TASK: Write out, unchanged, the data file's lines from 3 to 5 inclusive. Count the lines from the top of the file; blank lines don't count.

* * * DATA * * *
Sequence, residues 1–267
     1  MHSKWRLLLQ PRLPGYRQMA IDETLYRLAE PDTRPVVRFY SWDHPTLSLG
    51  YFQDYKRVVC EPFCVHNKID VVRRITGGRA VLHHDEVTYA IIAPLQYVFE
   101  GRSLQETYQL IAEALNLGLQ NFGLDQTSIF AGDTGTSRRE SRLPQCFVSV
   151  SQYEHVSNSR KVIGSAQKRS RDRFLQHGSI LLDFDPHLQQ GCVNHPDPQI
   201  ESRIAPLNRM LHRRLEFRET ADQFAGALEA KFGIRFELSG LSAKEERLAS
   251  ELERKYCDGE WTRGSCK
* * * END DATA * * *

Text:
    51  YFQDYKRVVC EPFCVHNKID VVRRITGGRA VLHHDEVTYA IIAPLQYVFE
   101  GRSLQETYQL IAEALNLGLQ NFGLDQTSIF AGDTGTSRRE SRLPQCFVSV
   151  SQYEHVSNSR KVIGSAQKRS RDRFLQHGSI LLDFDPHLQQ GCVNHPDPQI